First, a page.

One of the most popular conversations to have on iPhone development mailing lists is, “How long has your app been waiting in review?” This almost always lead to a comment by somebody about how the review process is nonsensical and hopelessly broken, etc. It shouldn’t bother me, but it does, because that attitude is disrespectful and ignorant of the scale of the problem Apple is tackling. Everybody thinks they could do a better job of everything when they are sitting in an armchair.
Anyway, I wound up writing a long email about my theory on how the App Store review process probably works, attempting to use actual data. I’m reproducing it here with some light editing.
First, here are the facts:
- The App Store opened July 10, 2008 (about 8 months ago).
- According to Apple’s iPhone OS 3.0 presentation:
- There are over 25,000 apps on the App Store.
- In February, 96% of submitted apps were approved.
- In February, 98% of approvals were in 7 days or less.
- Podcaster was in review for about one month before rejection for “duplicating iTunes functionality.”
- Several web browsing apps were in review for a month or more, before being approved more or less at the same time. The same thing happened to fart sound apps.
- Tweetie was submitted around March 2 and rejected on March 10, because an F-bomb appeared on the Trends screen.
- App Store growth (by number of apps) has been accelerating.
On average, Apple has been adding apps to the store at a rate of 3,125 per month. The pace is actually accelerating (it took three months to reach 3,400) so the rate today is probably closer to 4,000 per month. That works out to 1,000 per week, or 25 apps per hour, assuming a 40 hour work week.
If each application review takes about an hour, you would need a staff of 25-30 testers to maintain this rate. They probably install the app, tap around, look for problems, etc., then make an approve/reject decision.
In an ideal world, the entire staff would be highly intelligent and could be trusted to make carefully reasoned decisions in every scenario. In California, where Apple is located, those people are doing more interesting jobs. The vast majority of apps are going to be fairly clear cases, so it would make more sense to hire cheaper and have the testers work from a checklist. The checklist might look like:
- App does not require additional payment to unlock functionality.
- App uses standard icons as prescribed by the interface guidelines.
- App does not use any of the seven words you can’t say on television.
- App does not show boobies.
If this were true, it makes sense that Tweetie was rejected rather quickly: the Tester, who probably doesn’t use or care about Twitter, was working down his list, saw the curse word (which is an instant reject), hit the reject button, and started testing the next app in his queue. After all, he’s got to meet his quota if he wants to keep his job.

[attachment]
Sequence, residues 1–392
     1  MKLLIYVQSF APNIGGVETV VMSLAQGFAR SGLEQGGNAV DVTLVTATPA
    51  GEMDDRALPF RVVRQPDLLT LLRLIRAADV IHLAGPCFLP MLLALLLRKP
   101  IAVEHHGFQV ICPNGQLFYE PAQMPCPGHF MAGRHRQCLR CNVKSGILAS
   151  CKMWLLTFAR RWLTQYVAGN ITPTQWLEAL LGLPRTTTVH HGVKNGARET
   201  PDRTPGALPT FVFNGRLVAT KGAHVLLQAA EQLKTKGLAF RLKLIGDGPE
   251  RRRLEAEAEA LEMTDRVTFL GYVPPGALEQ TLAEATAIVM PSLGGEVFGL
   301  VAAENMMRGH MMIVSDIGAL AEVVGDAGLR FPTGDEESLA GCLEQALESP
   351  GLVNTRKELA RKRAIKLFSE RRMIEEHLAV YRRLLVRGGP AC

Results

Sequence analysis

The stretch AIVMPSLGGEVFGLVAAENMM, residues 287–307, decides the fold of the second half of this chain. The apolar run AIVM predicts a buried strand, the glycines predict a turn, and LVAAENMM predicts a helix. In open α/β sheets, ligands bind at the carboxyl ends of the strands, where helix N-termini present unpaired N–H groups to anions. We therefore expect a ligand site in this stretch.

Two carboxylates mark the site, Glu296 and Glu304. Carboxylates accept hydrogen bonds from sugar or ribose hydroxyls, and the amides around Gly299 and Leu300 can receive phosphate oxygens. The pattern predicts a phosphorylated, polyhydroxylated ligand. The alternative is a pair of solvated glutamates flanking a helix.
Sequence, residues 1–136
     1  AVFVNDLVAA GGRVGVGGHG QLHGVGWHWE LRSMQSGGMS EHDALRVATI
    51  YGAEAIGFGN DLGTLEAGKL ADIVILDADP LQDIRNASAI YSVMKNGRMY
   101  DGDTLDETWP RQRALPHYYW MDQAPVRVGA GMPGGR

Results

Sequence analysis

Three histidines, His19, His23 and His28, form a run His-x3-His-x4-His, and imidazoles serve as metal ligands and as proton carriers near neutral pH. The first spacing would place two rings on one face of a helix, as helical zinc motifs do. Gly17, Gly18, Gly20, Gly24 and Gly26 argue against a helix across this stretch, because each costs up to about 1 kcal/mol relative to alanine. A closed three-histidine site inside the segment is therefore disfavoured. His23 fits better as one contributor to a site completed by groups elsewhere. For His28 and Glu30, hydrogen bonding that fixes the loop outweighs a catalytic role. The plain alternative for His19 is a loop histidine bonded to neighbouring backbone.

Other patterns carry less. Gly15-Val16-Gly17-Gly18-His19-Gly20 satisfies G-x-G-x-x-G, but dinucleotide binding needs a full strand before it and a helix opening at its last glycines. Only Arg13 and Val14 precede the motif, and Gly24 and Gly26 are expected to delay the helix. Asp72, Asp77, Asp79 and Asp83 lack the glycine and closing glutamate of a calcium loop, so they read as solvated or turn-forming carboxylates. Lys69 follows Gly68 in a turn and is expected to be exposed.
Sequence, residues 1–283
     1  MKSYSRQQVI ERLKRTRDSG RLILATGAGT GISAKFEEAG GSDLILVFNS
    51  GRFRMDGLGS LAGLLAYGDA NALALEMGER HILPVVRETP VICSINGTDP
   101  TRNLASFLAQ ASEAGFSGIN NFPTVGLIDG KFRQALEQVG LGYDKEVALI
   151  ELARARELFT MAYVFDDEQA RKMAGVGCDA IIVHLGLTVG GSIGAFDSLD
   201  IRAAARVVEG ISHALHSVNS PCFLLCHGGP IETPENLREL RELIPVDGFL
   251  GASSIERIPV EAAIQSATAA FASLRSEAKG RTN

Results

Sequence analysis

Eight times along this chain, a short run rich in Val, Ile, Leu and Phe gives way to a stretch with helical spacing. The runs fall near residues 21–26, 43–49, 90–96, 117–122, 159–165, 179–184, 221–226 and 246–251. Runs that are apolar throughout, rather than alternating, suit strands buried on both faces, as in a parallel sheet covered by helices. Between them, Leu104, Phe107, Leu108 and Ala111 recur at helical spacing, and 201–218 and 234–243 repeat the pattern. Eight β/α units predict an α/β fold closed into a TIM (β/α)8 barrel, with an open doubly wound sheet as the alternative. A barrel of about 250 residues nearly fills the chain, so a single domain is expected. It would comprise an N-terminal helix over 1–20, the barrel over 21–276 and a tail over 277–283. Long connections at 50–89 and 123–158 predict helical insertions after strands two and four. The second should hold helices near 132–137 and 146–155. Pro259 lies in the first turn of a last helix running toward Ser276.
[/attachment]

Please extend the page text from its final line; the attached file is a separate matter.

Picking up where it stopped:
On the other hand, Podcaster was in review for about a month before it was ultimately rejected. What’s the difference? Podcaster was rejected for duplicating the functionality of the iTunes app in a then-unreleased version of the iPhone OS. (Unfair, but nobody said life was fair.) This is a much less clear-cut situation. In addition to approve and reject, the Tester probably also has the option to pass the app along to a committee. Again, you probably don’t want to bother the committee too often, but sometimes you’re not sure what to do, or you don’t have the authority to release information about unpublished Apple software.
The committee probably has to do things like check with the Legal Department and iPhone OS Engineers and Designers. They debate what should pass and try to revise the checklist to handle similar cases more clearly in the future.
The committee probably also looks for similar cases to deal with them as a group. That would explain why the web browser apps were released from review limbo at roughly the same time: they probably clarified internally what counted as duplicating Safari, then re-reviewed them. Same goes for the fart machine apps, as Apple clarified their definition of obscene.
Based on my professional experience, that is how I would organize things. (I might have each app checked by two testers, budget-permitting.) The view from the outside seems to confirm the basic idea that they are gradually improving the process as they approve more apps and update their checklist.
Given the volume of apps they are processing, it’s not surprising that there are going to be some mistakes like what happened to Tweetie: but that was hardly a fiasco, it was eventually approved.
If you’re going to say that Apple should have had a flawless process in place on Day One… well, I’m sure the view is lovely from up there on your high horse. Before the App Store began accepting submissions it would have been impossible to write one set of rules that would clearly apply to every application. So they did the best they could and have revised it over time, with experience.
Now, if you want to object to the rules (that Apple must approve the apps in the first place, that you can’t do porn, etc.) that is certainly your right. And if you want to complain that Apple is too secretive, yeah, but it’s worked so well for them that I don’t think they’re going to give it up.
But given that, the process hardly seems broken.